Kind of. I guess we need a blog-appropriate phrase for that. "Thinking at keyboard." Maybe that works.
A couple weeks ago was General Conference (wow, I guess it was only about 1 1/2 weeks ago, but it feels like much longer). It was my first attempt to actually involve the kids. In the past I was happy if they stayed out of my hair and managed to be relatively self-entertaining. I would tune every radio to conference, so it was playing wherever they were, but I liked to do my own thing and let them do theirs. This year I felt it was important for them to participate more, so I did a few things differently. I found some great Conference Bingo sheets, and also these Apostle Cards which I printed off and laminated. I also printed off some pages from various Conference packets--the most used page was the one where the kids could color the ties of each of the Apostles as they saw them. Pretty fun. Anyways, though it took more effort on my part both before and during the conference, I really felt like the effort was worth it to have the kids participate in Conference. As a child, I was allowed to bring toys in to the family room to play with quietly on the floor while the family watched, and I remember those times. I've always felt like Conference is a very important time, and I think it is because there was always the expectation to watch/listen to all the sessions. I want my kids to grow up with that, too. They did really enjoy the bingo sheets, and they earned treats for getting BINGO on both their Saturday and Sunday boards. So it's definitely something we'll do again.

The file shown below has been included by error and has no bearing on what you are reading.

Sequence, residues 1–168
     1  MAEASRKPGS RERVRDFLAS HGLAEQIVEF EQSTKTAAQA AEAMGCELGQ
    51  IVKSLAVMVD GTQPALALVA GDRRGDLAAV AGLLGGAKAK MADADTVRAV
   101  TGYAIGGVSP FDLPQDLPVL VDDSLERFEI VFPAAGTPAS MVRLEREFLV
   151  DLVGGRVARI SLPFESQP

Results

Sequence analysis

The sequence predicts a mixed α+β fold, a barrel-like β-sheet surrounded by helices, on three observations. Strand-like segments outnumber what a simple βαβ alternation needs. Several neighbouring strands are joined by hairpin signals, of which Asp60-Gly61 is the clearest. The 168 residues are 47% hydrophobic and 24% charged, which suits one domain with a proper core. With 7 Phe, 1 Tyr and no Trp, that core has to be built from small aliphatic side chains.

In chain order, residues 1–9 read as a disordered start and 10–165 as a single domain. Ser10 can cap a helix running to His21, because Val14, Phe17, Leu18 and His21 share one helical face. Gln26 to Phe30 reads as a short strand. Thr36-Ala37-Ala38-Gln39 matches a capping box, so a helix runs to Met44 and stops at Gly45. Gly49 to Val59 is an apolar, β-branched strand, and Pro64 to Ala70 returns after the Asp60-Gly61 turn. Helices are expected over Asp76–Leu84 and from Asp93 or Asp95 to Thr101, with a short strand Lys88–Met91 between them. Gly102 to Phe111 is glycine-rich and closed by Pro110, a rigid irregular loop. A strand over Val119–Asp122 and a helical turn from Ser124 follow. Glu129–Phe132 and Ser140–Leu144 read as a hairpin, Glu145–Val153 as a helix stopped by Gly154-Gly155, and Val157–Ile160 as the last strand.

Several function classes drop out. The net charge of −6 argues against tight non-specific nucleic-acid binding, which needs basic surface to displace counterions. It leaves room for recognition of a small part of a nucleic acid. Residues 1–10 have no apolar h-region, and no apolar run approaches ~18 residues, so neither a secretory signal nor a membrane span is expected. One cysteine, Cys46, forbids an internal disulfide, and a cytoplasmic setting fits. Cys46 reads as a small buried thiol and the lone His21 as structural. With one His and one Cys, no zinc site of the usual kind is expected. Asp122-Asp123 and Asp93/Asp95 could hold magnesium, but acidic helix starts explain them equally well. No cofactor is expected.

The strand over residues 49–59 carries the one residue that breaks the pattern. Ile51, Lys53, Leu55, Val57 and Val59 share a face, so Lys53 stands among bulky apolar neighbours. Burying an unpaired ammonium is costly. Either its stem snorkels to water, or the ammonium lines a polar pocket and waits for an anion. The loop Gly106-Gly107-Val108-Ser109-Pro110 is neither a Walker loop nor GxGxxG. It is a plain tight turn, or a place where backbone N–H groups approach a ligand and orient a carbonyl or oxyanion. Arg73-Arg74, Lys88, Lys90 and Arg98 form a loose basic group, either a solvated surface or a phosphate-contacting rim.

We watched the Sunday session with David's family down in Springville. Since we don't have a TV subscription, we ended up watching Saturday's sessions in the office on my computer. Not nearly as comfortable as in our family/TV room, but at least the screen was a decent size. (I love my big monitor!) Between sessions the TV was on and there were commercials for various toys. Noodle said, "It's a good thing we don't have TV, otherwise we'd just want all these toys that they show on commercials." I thought that was rather an astute observation, and think it is very true. We do watch movies and a handful of cartoons, but we are spared from commercials. It's pretty great, really. It's hard enough for kids to be grateful and satisfied when they aren't constantly bombarded with commercials for the latest cool toy or trendy idea. My mom likes to say, "The play should be in the child, not the toy." I firmly believe this. I don't think this means only wooden or simple toys are appropriate (you should see the creative things Spud comes up with for his Transformers!), but rather that a toy should invite the child to use their imagination and not only have scripted play. One thing that Noodle does that I love is to "accessorize" all her toys. Shemakes houses for them, food out of Sculpey clay, beds, blankets, vehicles, musical instruments, etc. Plus she will write letters to/from the toy, illustrate scenes from their lives, construct a family tree, and on and on. Last week was our week off school and I sewed Noodle & Spud each a cute little plush mouse. It's pretty neat to watch how much fun they can have with one toy. Spud likes to build aircraft for his mouse from the Magformers.